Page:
Things have been lively in our industry over the past few weeks – news from DHI, StackOverflow, LinkedIn, and more – and not always good news at that. So let’s get to it:
- DHI loses money and Durney: DHI saw year over year revenues for Q3 17 drop by 7%, and also announced the departure of CEO Mike Durney. They also forecasted Q4 to follow a similar downward revenue path. getTalent is also disappearing, and headcount is down 6.5%. Durney mentioned that the Dice mobile app is providing about 20% of traffic for the site. Interesting times for my former employer.
- Global job board revenue up: Global job board revenue rose 9% in constant currency in 2016, reaching $12.4 billion, according to the “Job Board Market Report: 2017 Update,” released by Staffing Industry Analysts. The three largest firms — Recruit, LinkedIn, and SEEK — control more than half of the market. I guess job boards still aren’t dead.
- Facebook adds ‘work histories’: Facebook now allows its users to create resumes — which Facebook calls a “work histories” feature — and share them privately on the site as part of their job hunt. On its surface, Facebook’s resume feature appears to be an expansion of the work and education details that users can already provide around their Facebook profile. No surprises here.
- Comet raises money: Comet, a marketplace for tech freelancers, has raised €2 million from Otium Capital and Kima Ventures to expand in France and Europe. The new funding will be invested in further development of the marketplace in its native France with a view to expanding in Europe.
- CareerBuilder partners with SilkRoad: CareerBuilder is partnering with SilkRoad on their OnBoarding product to provide customized, branded portals and automated workflows to help their client companies capture the information required for compliance and readying new employees. With the new functionality, CareerBuilder customers can send welcome communications to engage new hires; create, store and automate new hire documentation including W4 and I-9 forms; and provide important company information. Another move toward their end-to-end recruiting solution. In other CB news, they have a new President and COO: Irina Novoselsky.
- LinkedIn gets integrated: Microsoft announced that LinkedIn integration within Outlook.com is now going live, allowing email users to view insights, profile pictures, work history and more from within their inbox. With the new Outlook integration, customers can click on an email contact’s name right in their inbox then view a rich contact card that includes a link to their LinkedIn profile. In other LI news, they contributed $1.1bn in revenue and will be accretive to EPS this fiscal year. Impressive.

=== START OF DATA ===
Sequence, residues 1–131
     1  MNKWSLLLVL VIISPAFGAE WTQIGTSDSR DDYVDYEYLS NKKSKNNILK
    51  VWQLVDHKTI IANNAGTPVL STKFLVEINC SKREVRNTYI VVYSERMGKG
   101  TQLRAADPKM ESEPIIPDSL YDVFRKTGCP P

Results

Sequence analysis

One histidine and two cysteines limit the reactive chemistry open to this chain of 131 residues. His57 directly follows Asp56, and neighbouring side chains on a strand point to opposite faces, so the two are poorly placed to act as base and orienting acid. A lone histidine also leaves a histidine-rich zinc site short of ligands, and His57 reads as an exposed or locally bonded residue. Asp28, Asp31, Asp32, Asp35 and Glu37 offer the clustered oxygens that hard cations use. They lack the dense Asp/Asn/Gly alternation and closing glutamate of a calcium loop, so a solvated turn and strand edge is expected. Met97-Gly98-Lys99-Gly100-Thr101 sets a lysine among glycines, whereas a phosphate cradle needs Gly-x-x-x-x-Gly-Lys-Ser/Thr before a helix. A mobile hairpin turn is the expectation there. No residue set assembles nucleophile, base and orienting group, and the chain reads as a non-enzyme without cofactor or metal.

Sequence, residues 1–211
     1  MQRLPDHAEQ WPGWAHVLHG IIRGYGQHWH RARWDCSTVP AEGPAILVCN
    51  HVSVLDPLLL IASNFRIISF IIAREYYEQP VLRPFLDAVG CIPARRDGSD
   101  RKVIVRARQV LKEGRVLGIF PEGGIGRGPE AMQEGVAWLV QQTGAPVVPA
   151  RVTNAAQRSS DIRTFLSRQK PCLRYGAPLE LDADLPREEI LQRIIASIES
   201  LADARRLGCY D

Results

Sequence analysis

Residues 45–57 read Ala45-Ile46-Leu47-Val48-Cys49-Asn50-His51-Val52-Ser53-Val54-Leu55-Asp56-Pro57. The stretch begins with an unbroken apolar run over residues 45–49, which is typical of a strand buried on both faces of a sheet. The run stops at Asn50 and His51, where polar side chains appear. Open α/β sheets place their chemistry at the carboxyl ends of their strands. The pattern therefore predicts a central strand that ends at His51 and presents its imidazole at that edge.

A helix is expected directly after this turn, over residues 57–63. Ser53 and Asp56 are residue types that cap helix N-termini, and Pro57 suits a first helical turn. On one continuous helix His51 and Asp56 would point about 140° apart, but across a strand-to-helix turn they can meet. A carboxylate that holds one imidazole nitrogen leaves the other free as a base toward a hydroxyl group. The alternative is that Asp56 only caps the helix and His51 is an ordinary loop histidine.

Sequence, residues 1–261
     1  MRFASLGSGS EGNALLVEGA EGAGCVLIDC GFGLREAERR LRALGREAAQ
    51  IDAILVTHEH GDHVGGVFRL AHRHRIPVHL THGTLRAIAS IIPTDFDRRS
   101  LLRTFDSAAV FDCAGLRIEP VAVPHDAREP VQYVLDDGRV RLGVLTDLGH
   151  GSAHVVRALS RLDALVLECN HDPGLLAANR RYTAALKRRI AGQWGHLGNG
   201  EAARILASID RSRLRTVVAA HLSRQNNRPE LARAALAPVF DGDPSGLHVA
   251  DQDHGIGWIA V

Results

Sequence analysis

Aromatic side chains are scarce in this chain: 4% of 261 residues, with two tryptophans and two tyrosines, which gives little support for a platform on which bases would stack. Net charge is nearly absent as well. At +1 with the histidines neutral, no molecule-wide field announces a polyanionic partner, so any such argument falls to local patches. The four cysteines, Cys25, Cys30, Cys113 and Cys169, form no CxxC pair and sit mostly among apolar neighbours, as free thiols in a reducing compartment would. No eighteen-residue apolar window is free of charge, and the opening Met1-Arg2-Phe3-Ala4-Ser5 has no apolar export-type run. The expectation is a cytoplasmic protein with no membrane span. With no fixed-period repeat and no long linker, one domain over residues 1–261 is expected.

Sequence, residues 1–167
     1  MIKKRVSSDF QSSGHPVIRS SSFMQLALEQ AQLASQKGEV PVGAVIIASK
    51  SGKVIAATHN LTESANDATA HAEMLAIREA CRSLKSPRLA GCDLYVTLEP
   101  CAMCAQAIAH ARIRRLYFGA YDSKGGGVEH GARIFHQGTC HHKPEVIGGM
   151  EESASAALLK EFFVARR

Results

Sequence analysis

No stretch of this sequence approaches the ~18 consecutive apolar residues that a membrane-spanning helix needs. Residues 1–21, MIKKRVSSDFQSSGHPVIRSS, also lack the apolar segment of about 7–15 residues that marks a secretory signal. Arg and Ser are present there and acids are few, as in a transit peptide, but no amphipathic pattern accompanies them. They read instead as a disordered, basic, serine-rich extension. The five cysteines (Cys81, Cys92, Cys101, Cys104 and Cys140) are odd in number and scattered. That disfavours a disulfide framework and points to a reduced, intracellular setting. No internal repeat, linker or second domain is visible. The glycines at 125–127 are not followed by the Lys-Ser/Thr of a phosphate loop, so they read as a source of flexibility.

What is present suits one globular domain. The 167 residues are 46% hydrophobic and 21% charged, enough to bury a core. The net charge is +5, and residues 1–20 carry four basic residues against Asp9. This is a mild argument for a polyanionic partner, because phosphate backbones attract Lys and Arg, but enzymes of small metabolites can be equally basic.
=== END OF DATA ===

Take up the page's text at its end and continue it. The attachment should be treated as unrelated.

- Mya gets moolah: Mya Systems, creator of Mya, has raised $18 million in Series B funding. This follows a Series A round of $11.4 million in May 2017, and a seed round of $3 million in 2012 as FirstJob, a hiring solution for millennials. The company says the sourcing automation technology engages with passive candidates from internal sources, like an ATS (sounds a bit like Crowded Refresh). Recruiting automation marches on.
- Randstad revenue grows: The revenue of Amsterdam-based staffing company Randstad Holding, owner of Monster, rose by 9 percent in Q3 of FY2017 to €5.9 billion ($6.9 billion U.S.) from €5.3 billion ($6.2 billion U.S.) in Q3 of FY2016. In Q3, all revenue growth came from outside the North American business (including Canada and the U.S.). In other Monster news, the site has entered into an agreement with Sun Coast Media Group, a publisher of nine local newspapers in southwestern and central Florida. Deja vu?
- StackOverflow layoffs: StackOverflow has conducted a substantial number of layoffs across the company as it looks to steer the business more towards its core Q&A products and away from areas that were seeing less demand. As part of this, the company is also closing its offices in Denver. The number of layoffs is estimated to be 20% of total workforce – or about 60 positions. When Stack Overflow raised $40 million in 2015, the company specifically said the investment would be used to build out the recruitment part of its business, which at the time accounted for two-thirds of the company’s revenues. “The company is not pivoting from Talent (Careers),” a company spokesperson said. “…the existing business around Talent remains strong.” Very interesting.
- Xing booms: Xing, the German networking site, says revenue is up 24 percent in first 9 months of this year. The company, which competes directly with LinkedIn, also claims they have added 1.5 million new members since start of the year. Impressive indeed.
That’s enough for now! More to come next month.[Want to get Job Board Doctor posts via email? Subscribe here.].